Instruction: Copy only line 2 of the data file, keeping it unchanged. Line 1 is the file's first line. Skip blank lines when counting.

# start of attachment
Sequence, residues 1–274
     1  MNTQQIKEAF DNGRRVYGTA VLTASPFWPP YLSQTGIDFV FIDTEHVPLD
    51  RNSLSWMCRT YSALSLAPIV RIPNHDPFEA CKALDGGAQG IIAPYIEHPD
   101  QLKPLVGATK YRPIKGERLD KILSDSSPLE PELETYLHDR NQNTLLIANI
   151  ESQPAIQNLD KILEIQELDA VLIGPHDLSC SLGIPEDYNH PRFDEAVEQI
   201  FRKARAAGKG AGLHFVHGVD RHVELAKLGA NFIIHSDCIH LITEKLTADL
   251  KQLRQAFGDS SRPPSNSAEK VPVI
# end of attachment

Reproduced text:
     1  MNTQQIKEAF DNGRRVYGTA VLTASPFWPP YLSQTGIDFV FIDTEHVPLD